A Quick Guide to Washington, DC’s Cherry Blossom Festival
Every spring ushers in not only warm weather, but the pink blossoms of cherry trees that are sprinkled throughout Washington, D.C.’s Tidal Basin area (nearby some of D.C.’s most iconic sites). The festival celebrates the gift of 3,000 cherry trees from Mayor Yukio Ozaki of Tokyo to Washington, D.C. in 1912, as well as the relationship between the United States and Japan. With more than 1.5 million people visiting D.C. to see the trees in bloom and participate in the festival’s diverse events each year, D.C.'s biggest spring celebration has grown since its humble beginnings. Even many D.C. restaurants join in celebration by serving many cherry-themed dishes to their menus!
How to Get There: Since parking will be a hassle due to crowds, D.C.’s public transportation system, the Metro, is a good bet. Visitors will want to get off at the Smithsonian or L’Enfant Plaza station stops and walk over to the Tidal Basin from there. To view Metro maps and schedules, visit wmata.com.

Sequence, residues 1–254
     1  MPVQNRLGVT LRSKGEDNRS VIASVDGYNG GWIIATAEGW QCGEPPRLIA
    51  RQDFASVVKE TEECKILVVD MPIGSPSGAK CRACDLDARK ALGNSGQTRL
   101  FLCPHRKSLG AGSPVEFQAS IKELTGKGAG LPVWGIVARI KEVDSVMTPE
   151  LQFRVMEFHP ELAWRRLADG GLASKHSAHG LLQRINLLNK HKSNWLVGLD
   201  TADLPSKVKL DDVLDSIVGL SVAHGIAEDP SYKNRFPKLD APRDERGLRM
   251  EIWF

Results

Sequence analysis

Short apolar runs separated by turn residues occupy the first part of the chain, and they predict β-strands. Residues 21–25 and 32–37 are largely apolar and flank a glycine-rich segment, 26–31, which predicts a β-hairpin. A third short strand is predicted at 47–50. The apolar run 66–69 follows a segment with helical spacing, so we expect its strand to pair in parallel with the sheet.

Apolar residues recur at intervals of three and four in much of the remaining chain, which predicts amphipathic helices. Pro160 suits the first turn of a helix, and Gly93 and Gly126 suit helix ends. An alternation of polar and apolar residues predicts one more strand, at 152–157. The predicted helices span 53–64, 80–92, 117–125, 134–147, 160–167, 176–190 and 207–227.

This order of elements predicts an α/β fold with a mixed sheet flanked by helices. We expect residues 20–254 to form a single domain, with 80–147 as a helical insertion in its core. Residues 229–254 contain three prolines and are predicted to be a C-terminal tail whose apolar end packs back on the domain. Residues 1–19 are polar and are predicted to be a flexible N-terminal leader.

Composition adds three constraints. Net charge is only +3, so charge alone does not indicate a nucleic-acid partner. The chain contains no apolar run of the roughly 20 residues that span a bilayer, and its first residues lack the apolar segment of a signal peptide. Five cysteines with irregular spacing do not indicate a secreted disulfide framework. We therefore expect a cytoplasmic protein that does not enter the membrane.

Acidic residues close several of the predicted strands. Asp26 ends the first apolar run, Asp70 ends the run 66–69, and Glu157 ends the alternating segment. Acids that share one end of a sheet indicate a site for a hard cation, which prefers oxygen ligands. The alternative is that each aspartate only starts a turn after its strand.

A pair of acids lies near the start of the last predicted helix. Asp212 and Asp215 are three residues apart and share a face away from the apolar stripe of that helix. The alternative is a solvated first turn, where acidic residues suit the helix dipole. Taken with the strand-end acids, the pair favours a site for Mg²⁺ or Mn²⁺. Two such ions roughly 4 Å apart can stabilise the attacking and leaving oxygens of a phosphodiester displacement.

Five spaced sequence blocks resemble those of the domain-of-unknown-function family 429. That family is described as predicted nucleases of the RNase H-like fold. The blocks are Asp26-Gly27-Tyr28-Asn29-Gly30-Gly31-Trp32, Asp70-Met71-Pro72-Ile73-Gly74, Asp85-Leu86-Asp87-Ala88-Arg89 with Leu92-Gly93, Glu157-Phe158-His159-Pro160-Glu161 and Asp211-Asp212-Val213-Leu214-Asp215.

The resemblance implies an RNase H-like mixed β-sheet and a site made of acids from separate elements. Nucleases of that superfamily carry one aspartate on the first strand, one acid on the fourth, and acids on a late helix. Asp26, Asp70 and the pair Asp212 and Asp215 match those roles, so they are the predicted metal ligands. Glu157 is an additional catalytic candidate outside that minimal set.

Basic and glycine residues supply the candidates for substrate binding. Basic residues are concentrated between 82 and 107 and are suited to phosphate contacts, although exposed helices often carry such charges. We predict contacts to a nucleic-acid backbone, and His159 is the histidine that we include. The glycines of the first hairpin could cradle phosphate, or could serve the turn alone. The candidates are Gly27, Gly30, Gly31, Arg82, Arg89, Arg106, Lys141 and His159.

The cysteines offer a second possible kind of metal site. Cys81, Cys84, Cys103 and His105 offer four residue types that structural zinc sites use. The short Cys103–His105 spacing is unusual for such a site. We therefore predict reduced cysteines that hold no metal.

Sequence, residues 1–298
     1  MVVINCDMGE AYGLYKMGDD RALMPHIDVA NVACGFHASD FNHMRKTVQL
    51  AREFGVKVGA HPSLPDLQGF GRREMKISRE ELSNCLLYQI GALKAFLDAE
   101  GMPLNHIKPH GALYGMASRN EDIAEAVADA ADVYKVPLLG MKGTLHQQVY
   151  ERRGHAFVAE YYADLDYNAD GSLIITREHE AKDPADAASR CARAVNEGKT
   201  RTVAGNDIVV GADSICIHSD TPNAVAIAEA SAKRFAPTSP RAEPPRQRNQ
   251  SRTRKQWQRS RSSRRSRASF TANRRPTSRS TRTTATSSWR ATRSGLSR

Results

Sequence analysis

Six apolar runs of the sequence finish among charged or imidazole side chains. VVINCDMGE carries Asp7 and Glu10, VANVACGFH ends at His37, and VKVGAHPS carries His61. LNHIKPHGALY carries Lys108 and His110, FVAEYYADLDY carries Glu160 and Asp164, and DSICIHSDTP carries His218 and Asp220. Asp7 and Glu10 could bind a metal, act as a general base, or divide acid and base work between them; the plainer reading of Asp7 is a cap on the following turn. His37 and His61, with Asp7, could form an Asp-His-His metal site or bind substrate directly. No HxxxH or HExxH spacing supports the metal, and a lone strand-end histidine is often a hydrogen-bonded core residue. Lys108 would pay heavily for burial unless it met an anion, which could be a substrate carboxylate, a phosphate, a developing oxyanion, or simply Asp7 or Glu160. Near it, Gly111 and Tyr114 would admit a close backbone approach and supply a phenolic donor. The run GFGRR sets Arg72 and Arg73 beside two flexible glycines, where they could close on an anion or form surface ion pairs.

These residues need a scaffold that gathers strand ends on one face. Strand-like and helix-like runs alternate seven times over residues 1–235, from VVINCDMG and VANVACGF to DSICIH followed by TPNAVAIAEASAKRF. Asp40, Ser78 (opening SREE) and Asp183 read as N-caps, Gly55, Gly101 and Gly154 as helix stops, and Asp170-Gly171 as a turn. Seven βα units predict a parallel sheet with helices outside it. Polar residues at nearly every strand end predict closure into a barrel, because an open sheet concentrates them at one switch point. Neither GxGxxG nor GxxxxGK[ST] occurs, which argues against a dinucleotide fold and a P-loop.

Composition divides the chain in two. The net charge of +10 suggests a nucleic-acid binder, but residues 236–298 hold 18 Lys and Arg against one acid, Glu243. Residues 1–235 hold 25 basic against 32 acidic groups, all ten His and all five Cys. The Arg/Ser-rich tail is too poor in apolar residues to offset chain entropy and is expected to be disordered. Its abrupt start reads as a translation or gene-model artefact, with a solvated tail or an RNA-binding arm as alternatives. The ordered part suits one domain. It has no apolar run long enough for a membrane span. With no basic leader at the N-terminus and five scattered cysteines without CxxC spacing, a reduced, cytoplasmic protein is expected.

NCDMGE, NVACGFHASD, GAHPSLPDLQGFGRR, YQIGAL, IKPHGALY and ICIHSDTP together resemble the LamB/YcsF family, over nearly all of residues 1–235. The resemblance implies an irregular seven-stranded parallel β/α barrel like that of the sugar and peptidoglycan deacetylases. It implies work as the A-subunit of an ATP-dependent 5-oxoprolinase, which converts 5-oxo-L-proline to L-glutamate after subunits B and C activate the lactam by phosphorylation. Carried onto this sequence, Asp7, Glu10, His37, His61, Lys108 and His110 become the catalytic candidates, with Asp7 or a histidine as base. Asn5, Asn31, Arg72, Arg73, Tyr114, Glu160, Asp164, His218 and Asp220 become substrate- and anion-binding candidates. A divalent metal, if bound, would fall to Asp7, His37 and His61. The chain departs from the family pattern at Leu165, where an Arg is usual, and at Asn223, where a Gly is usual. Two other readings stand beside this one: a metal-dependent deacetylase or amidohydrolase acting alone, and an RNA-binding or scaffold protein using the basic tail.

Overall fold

When to Visit: The festival runs from March 20 to April 14, but when to visit depends on what you would like to see and do. The National Cherry Blossom Festival Parade is on April 13, but the National Park Service is currently predicting peak bloom (when 70 percent of the blossoms on the trees will be open) from April 3 to 6. For more information on the bloom watch, visit nationalcherryblossomfestival.org/about/bloom-watch.
What to Do: The options really are endless, but visitors can take cruises or go on photo safaris to help make lasting memories of the festival. The festival’s liveliest event, the parade on April 13 from 10 a.m. to noon (rain or shine), features giant helium balloons, floats, marching bands from across the country, and performers that will fill Constitution Avenue. Tickets to the parade are available here.
What to Eat: Many D.C.-area restaurants participate in the "Cherry Picks" program by including blossom-inspired dishes on their menus. 2100 Prime will serve a cherry lambic cobbler, made out of sour cherries, dark cherries, and lambic beer, during the festival. Nick’s Riverside Grill will be dishing out cherry chipotle barbecue ribs and a cherry soda and vanilla ice cream float. The Hamilton will be pouring a Washington’s Cherry Temple cocktail (a libation made with vodka, cherry juice, Maraschino liqueur, and vanilla syrup) and a sour cherry Pavlova, a dessert made with Amaretto sour cherries, pistachio meringue, and almond cream. Click here to view a complete list of the participating restaurants.
Teresa Tobat is the Washington, D.C. Travel city editor for The Daily Meal. Follow her on Twitter @ttobat88. View her website at teresaktobat.com.